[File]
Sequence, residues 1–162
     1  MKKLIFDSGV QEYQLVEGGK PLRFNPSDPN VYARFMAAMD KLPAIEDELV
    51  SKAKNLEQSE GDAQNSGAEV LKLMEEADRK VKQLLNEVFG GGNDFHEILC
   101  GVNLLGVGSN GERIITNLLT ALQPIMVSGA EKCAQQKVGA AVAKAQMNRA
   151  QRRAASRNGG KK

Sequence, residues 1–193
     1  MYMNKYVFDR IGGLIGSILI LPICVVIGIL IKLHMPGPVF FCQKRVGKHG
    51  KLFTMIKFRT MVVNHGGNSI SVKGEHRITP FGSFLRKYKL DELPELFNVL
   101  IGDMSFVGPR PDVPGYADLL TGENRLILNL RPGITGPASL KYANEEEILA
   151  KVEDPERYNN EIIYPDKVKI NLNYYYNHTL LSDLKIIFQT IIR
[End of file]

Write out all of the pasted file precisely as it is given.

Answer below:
Sequence, residues 1–162
     1  MKKLIFDSGV QEYQLVEGGK PLRFNPSDPN VYARFMAAMD KLPAIEDELV
    51  SKAKNLEQSE GDAQNSGAEV LKLMEEADRK VKQLLNEVFG GGNDFHEILC
   101  GVNLLGVGSN GERIITNLLT ALQPIMVSGA EKCAQQKVGA AVAKAQMNRA
   151  QRRAASRNGG KK

Sequence, residues 1–193
     1  MYMNKYVFDR IGGLIGSILI LPICVVIGIL IKLHMPGPVF FCQKRVGKHG
    51  KLFTMIKFRT MVVNHGGNSI SVKGEHRITP FGSFLRKYKL DELPELFNVL
   101  IGDMSFVGPR PDVPGYADLL TGENRLILNL RPGITGPASL KYANEEEILA
   151  KVEDPERYNN EIIYPDKVKI NLNYYYNHTL LSDLKIIFQT IIR